From July 2010 Sales Compensation Focus, a Publication of World at Work.
By Beth Carroll and Donya Rose
The economy appears to have taken a positive turn and many companies are starting to think about growth: hiring more sales reps, launching a new product, or breaking into a new market segment. One of the first questions that is raised when a company returns to growth mode, especially if there has been significant retrenching, is, “What should we do with our sales compensation plans?” Odds are high that the right focus for the recession is not going to be the best focus for the company’s growth phase. It may be time to take a hard look at your sales incentive plans. There are some key indicators you can check to determine if it’s time to make a change, and if it is, if you can afford to wait until January 1 (or the start of your next fiscal year) to implement the new plans.
- You scaled back (or perhaps eliminated) incentive compensation during the recession, and now you see that your people are not engaged fully to capitalize on sales opportunities.You need to act as quickly as possible to regain momentum and re-energize your sales staff. While this is not a situation that should be left in place until the start of the next fiscal year, a full redesign of the plans may not be the only alternative. First, consider SPIFFs, contests and recognition programs. Are there things that can be done that will quickly drive new sales and create increased enthusiasm in a cost-effective manner? Second, consider adding a small “bounty” type incentive that provides additional income tied directly to the performance you need most right now (e.g., new customer acquisition), but that limits your exposure if sales opportunity radically exceeds or falls short of your expectations. Third, if you can, consider a stub-year plan that will shift people in the direction you will want to go at the start of the next fiscal year. If you filled in an incentive gap by increasing base salaries, you can start to move them back down again. If your employees have been earning 60% of what they earned in better years, you can start to bring that number back up again by developing a more modest incentive program with less leverage than was appropriate in more stable market conditions. In addition, you should consider the culture that has been enforced (or created) by your sales compensation program. Should you add a team-based element to keep the focus on working togethe
- You scaled back your expectations in terms of goals or volume production, and now you are starting to see payouts that are far higher than you expected. This is also a situation that has the potential for serious negative consequences on two fronts. First, your company’s financial performance could be adversely affected by overpayment in the incentive program. Second, your employees’ sense of their own value in the market place could be inflated beyond reasonable expectations. It is remarkable how quickly salespeople come to expect a higher level of earnings on an on-going basis once they have experienced it for a few months or quarters. It can be very hard for them to accept the adjustment that will inevitably be required. Quick action is needed to recalibrate expectations, supported by thorough modeling to make sure that pay levels return to appropriate levels without damage to morale, and while still providing significant upside earnings potential for true top performance.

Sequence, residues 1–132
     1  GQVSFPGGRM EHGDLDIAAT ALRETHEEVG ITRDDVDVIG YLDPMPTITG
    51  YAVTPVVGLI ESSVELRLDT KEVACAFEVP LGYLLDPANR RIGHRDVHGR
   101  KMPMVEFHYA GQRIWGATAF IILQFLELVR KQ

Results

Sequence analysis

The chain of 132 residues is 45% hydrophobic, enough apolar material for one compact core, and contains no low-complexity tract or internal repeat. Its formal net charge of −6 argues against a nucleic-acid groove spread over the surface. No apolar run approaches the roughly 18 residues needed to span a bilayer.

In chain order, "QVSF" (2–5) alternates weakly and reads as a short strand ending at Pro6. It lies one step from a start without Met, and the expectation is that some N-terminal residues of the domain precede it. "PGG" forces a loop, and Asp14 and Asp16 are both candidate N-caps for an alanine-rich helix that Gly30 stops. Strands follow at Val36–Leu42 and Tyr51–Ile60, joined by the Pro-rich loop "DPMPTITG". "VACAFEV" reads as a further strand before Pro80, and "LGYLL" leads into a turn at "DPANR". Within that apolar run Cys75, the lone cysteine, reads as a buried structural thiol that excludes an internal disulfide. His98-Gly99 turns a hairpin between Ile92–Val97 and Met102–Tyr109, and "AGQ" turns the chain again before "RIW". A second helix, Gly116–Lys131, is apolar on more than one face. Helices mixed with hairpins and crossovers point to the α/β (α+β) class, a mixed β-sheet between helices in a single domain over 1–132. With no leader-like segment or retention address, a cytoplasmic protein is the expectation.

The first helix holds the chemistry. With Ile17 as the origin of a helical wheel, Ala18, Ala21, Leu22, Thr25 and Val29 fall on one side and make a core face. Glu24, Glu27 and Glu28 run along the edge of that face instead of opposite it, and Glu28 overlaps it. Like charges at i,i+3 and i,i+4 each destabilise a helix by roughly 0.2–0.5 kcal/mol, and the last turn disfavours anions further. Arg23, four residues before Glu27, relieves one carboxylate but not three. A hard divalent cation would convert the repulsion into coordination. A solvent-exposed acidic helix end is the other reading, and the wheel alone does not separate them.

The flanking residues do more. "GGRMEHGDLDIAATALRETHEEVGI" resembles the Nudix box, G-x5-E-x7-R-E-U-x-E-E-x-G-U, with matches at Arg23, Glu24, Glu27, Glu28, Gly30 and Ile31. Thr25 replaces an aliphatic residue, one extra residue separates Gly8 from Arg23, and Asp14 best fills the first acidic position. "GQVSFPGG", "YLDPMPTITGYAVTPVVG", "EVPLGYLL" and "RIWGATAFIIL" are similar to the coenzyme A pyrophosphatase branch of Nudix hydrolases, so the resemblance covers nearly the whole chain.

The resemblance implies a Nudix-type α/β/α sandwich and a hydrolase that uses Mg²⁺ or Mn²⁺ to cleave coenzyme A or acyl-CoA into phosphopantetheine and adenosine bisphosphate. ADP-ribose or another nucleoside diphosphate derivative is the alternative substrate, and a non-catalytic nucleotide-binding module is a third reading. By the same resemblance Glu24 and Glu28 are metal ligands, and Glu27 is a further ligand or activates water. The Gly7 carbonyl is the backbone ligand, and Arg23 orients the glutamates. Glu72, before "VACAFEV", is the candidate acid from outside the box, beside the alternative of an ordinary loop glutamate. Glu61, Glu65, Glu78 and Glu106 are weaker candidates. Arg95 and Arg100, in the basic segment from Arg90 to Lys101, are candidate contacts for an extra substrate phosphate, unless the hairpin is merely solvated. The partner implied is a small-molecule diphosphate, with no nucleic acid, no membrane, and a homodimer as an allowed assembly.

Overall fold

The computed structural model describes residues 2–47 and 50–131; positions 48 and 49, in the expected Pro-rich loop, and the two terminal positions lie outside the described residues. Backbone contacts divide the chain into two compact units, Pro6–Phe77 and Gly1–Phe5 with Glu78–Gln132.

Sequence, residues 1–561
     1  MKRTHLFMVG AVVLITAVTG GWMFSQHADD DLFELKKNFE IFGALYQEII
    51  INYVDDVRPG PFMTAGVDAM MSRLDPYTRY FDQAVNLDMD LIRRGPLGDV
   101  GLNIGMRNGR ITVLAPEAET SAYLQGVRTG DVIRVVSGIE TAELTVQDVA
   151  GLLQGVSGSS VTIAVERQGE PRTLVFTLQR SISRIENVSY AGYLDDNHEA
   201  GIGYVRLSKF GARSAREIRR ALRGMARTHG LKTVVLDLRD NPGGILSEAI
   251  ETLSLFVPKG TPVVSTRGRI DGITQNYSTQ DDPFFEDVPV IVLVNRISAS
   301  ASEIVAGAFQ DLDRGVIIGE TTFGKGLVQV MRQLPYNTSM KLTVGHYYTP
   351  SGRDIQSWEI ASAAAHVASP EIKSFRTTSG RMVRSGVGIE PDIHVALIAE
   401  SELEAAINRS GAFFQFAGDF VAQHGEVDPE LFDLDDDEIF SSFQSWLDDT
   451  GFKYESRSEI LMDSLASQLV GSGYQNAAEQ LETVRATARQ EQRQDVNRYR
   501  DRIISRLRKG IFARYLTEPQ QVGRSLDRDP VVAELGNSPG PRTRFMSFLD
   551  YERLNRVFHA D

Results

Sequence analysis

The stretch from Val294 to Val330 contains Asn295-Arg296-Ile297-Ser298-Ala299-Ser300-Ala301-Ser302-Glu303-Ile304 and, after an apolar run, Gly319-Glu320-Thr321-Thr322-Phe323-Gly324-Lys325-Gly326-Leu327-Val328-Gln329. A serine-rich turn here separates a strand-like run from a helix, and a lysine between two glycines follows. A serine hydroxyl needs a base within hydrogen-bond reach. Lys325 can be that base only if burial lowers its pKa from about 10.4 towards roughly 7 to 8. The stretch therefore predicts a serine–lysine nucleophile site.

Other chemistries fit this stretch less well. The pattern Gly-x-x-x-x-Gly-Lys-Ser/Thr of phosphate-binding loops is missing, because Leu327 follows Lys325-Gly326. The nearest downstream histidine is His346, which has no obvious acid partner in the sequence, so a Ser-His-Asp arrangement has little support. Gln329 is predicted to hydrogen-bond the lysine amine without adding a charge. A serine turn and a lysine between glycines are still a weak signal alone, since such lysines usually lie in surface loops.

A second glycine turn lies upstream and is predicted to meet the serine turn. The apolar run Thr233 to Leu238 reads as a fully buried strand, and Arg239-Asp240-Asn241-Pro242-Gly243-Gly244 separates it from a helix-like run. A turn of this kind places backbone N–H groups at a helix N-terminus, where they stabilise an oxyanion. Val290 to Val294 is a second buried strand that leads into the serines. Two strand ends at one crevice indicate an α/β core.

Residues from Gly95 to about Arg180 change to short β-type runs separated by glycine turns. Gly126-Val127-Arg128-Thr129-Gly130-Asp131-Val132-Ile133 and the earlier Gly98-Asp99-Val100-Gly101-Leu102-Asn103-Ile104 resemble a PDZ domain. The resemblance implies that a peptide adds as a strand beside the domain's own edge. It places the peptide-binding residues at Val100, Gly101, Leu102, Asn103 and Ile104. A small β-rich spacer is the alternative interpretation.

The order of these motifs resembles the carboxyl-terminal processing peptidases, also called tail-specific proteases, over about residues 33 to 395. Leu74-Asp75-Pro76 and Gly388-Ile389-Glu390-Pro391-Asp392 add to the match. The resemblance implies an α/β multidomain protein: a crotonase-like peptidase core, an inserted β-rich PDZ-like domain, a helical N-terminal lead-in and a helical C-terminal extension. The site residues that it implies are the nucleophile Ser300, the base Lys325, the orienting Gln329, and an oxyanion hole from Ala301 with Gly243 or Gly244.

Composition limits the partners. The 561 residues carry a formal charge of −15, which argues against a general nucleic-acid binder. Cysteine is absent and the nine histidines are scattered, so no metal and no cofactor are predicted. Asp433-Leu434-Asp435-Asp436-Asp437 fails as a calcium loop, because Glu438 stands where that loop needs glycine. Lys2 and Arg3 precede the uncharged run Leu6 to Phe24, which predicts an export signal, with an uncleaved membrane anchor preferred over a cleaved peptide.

- You are finding it difficult to hire top talent, and the reason cited is the lack of a competitive compensation package. You can take a two-pronged approach on this and develop a plan for new hires that would be a lead-in to next year’s plan for the existing staff. Because many companies provide a guarantee for new hires, such an arrangement is possible for a few months before any significant discrepancies in the two versions of the incentive plan are felt. However, you will want to make the transition strategy clear for the incumbents so they know that at a specific future date they will be moved onto the new incentive plan as well. Many salespeople have become leery of 100% variable plans, as they’ve seen what can happen when they fail to cover their draw month after month. Even top salespeople in industries that are highly risk-tolerant may be more interested in finding programs with at least a modest base salary. A 40/60 to 60/40 pay mix is reasonably aggressive, and yet either option allows some degree of control from an employer/employee perspective while providing salespeople with a greater sense of security. Of course, the less variability in the plan, the less leverage on the upside, as this is a necessary trade-off. But it is one that can be designed to provide very attractive earnings opportunities to true top performers.